Name of Egyptian mummy from Perth museum revealed
- 6 November 2013
- From the section Tayside and Central Scotland
The first stage of a study into an ancient Egyptian mummy has revealed her possible identity and where she was from.
Perth Museum's mummy is thought to have been called 'Ta-kr-hb', pronounced 'Takherheb', according to research into the script contained on her coffin.
The findings have led researchers to think the coffin was made in the Egyptian town of Akhmim.
It is thought the mummy could be as much as 2,700 years old.
The study was undertaken by members of the University of Manchester's KNH Centre for Biomedical Egyptology.
This is the first time that the mummy, who has been part of Perth Museum's collections since 1936, has undergone any investigation of this type.
The form and decoration of the coffin were assessed as part of the study and indicate that it was made for a female of the 25th - 26th Dynasty of Ancient Egypt, giving it a date of approximately 760BC to 525BC.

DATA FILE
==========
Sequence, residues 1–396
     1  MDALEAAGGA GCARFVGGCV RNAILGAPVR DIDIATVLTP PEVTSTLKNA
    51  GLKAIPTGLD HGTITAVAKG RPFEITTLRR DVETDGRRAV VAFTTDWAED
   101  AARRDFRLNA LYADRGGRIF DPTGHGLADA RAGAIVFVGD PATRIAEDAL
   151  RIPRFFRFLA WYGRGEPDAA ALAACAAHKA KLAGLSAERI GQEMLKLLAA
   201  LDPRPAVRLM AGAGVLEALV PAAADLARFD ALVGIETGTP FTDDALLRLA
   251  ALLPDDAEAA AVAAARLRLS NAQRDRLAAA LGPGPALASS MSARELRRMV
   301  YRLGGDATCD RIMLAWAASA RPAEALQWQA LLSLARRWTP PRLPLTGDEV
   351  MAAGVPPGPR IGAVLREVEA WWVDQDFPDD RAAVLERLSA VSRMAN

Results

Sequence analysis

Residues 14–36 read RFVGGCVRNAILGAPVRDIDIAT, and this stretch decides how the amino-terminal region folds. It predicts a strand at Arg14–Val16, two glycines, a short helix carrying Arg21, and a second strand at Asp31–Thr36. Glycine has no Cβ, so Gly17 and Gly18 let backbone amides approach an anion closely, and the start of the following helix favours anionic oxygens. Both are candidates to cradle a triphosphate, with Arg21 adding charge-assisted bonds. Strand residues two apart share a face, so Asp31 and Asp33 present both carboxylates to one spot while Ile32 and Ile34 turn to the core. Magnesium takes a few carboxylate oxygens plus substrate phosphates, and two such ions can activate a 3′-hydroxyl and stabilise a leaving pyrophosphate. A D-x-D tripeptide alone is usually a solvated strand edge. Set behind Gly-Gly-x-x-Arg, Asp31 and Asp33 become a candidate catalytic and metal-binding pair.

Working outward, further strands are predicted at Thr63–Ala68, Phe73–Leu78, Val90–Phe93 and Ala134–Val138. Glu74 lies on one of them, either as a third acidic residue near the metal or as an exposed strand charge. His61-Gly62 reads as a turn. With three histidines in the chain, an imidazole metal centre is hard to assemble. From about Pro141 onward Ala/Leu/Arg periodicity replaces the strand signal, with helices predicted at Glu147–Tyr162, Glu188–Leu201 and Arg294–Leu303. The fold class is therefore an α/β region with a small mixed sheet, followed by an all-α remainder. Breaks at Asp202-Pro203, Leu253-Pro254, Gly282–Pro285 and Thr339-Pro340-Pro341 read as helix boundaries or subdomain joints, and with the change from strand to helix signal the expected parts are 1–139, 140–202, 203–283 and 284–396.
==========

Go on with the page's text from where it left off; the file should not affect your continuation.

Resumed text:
The work carried out by the research team is to continue and data maybe used to create a facial reconstruction, enabling the public to see what Takherheb may have looked like in life.
Specialist conservators hope future cleaning will reveal more about the mummy's background and identity.
Previously, layers of ingrained dirt on the coffin had made it difficult to make interpretations.
Dr Lidija McKnight, the University of Manchester Research Associate said: "It is a rare privilege to be able to study a coffin and mummy bundle which has never been studied before with a multi-disciplinary team of specialists.
"Finding a coffin in such wonderful condition with a wrapped mummy bundle inside was a great opportunity.
"The use of state-of-the-art scientific techniques and computer processing has produced some fantastic images".